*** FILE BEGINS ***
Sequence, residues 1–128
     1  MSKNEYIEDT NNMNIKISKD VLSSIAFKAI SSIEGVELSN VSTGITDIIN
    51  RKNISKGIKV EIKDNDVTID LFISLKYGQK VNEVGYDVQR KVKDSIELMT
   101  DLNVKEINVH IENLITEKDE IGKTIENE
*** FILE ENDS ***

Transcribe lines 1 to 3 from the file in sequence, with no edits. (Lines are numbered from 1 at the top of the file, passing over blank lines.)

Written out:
Sequence, residues 1–128
     1  MSKNEYIEDT NNMNIKISKD VLSSIAFKAI SSIEGVELSN VSTGITDIIN
    51  RKNISKGIKV EIKDNDVTID LFISLKYGQK VNEVGYDVQR KVKDSIELMT